By: Vugar Naghiyev, USAID/Azerbaijan
Child and Family Support Centers (CFSC) established under USAID’s Community-Based Children’s Support Program have provided around 30,000 vulnerable children and 8,000 families in Azerbaijan with essential social services over the past six years. The majority of children that use the centers are considered vulnerable – meaning they live in institutions, are from poor families, are Internally Displaced Persons (İDPs), or are living with a physical or mental disability.
Implemented by Save the Children and funded through USAID’s Displaced Children and Orphans Fund, the program began in 2004 to provide community-based models in support of the Azerbaijan Ministry of Education’s “State Program on De-Institutionalization and Alternative Care (2006-2015)”. This State Program envisioned reunification of children living in institutions with their biological families or alternative care providers.
Anver Tagiyev, 17, is one of the beneficiaries of the program. Suffering from a congenital spinal cyst, Anver developed a neurological curved foot as the ailment advanced. Although Anver went through surgery in 2002 to correct the problem, complications required the amputation of his right leg. Now, Anver is wearing a prosthetic leg.
Severe health problems coupled with the untimely death of his mother led to Anver’s decision to drop out of high-school. Despite his poor health, in 2009 he got the chance to attend a six-month course on sewing in Baku conducted by the Employment and Treatment Center for Young People with Disabilities. However, upon return to Goygol (a town 220 miles west of capital Baku) he faced unemployment. Most young people with disabilities have limited opportunities for employment in the country; Anver was not an exception. Despondent and hopeless, Anver became unconcerned about his future. His father remembers that difficult period his son went through: “For a father I cannot think of anything worse than feeling powerless to help your child. Waiting for Anver, wondering where he could be and in what company, I spent many sleepless nights.”After becoming acquainted with the USAID-funded Child and Family Support Center in Goygol, Anver rediscovered hope. CFSC social workers opened a case for Anver to assess his housing, education facilities, and psychological factors to determine if the needs of this vulnerable family could be addressed. As a result of their activities that successfully mobilized community support, a local tailor agreed to take Anver as his apprentice.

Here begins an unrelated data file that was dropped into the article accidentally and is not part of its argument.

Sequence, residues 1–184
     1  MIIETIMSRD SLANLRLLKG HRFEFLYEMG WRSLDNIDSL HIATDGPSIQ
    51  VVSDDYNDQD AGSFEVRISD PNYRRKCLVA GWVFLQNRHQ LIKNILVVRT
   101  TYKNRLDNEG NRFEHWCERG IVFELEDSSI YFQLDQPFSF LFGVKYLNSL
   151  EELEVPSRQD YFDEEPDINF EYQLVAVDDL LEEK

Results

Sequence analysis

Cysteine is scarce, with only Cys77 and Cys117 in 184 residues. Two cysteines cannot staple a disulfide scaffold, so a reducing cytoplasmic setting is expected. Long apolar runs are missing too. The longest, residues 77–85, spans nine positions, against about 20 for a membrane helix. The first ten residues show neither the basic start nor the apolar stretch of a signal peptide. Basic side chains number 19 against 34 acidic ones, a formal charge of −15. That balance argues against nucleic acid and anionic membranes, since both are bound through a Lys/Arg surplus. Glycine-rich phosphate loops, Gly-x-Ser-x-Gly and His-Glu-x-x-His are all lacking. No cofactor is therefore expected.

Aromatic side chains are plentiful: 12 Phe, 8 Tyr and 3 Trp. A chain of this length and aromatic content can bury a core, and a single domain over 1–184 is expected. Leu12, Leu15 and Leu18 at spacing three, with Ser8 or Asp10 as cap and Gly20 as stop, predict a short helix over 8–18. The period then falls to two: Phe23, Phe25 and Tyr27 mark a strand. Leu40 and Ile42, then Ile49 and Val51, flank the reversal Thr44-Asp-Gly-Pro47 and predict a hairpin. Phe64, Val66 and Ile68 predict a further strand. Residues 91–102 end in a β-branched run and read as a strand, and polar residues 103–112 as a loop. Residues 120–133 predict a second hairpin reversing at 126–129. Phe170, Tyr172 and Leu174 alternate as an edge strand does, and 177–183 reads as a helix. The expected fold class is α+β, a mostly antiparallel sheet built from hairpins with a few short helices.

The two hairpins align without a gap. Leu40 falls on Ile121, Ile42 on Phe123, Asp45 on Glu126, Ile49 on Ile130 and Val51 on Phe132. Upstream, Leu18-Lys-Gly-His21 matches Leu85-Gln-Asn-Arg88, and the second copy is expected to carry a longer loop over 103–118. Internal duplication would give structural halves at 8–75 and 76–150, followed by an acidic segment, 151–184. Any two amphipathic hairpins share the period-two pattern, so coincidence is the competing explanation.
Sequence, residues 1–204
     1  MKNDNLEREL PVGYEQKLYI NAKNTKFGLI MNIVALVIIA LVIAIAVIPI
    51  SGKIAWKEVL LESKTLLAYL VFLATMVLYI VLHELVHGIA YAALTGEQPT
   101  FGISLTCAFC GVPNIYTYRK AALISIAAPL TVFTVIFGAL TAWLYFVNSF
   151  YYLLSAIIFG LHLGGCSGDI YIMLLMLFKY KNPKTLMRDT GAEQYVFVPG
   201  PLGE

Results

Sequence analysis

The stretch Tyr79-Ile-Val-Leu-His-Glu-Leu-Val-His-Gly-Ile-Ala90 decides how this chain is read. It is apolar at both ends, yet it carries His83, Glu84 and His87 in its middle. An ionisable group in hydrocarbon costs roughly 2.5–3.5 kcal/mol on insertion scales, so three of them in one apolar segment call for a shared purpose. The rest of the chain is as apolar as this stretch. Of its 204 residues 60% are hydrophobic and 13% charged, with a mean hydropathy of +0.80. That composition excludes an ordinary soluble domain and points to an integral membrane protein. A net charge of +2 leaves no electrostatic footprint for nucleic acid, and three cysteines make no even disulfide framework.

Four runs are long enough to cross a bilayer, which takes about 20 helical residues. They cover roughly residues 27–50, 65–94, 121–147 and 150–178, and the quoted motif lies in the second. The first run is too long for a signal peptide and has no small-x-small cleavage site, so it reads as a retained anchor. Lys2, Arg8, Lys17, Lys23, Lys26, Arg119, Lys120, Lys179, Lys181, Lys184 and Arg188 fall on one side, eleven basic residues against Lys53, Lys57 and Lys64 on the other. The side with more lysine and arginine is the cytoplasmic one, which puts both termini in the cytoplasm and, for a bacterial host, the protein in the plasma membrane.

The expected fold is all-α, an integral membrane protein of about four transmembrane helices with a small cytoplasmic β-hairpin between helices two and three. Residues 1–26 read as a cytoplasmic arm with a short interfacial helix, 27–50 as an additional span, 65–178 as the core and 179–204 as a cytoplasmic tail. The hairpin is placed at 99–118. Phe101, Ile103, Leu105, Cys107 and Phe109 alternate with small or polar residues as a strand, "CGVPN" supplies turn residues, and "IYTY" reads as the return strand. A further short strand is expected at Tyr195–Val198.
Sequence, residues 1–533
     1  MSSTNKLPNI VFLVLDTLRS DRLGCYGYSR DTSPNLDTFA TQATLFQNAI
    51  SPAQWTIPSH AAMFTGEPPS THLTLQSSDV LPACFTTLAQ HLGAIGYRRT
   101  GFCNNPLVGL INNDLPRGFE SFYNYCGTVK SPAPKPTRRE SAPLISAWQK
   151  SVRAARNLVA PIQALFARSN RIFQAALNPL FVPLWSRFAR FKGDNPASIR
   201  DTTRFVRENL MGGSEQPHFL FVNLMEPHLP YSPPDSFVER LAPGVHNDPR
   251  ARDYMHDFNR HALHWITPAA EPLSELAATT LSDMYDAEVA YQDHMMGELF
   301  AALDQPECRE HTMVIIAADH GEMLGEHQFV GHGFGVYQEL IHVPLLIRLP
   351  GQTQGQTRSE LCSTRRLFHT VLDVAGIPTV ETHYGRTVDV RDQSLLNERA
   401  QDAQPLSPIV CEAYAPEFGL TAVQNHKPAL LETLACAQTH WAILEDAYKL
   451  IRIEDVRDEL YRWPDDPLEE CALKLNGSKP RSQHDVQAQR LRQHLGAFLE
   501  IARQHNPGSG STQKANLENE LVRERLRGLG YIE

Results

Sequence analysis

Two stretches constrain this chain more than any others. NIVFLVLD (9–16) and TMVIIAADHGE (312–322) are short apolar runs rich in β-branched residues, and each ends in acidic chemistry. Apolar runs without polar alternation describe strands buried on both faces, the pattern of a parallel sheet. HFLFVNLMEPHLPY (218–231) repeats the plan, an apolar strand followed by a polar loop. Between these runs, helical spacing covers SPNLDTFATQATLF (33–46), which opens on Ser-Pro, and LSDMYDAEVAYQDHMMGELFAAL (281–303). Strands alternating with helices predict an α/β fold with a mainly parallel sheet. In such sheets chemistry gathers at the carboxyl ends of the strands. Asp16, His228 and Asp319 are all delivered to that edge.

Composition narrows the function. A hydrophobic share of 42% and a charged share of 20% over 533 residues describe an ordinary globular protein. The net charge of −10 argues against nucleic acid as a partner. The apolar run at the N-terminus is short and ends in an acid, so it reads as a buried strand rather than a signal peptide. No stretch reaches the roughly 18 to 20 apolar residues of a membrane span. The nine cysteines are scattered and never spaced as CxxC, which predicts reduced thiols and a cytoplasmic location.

Anver has a job he enjoys. ‘When my mom died, and I lost my leg, I thought it was over for me. But now, my worldview has changed. I have two arms and another leg. I have a profession – I am a good tailor”, says Anver.
Created both in the capital city and in nine districts across the country these twelve centers demonstrate how to provide children and their families with services they need as an alternative to institutionalization. These centers promote social integration and local capacity to care for vulnerable children by mobilizing community resources to address children’s needs through psychosocial and economic support.
Three of the centers were handed over to the Government of Azerbaijan in 2008 and are still in operation. Nine CFSCs were handed over to the State Committee on Family, Women and Children’s Issues under an agreement signed at the end of December 2010 between the State Committee and Save the Children, culminating more than six years of close collaboration between the governments of Azerbaijan and the United States, with recent support from the European Union.
As part of the handover, the State Committee has assumed financial and managerial oversight for these nine centers from January 2011 as further indication of the Azerbaijani government’s committment to child welfare system reform.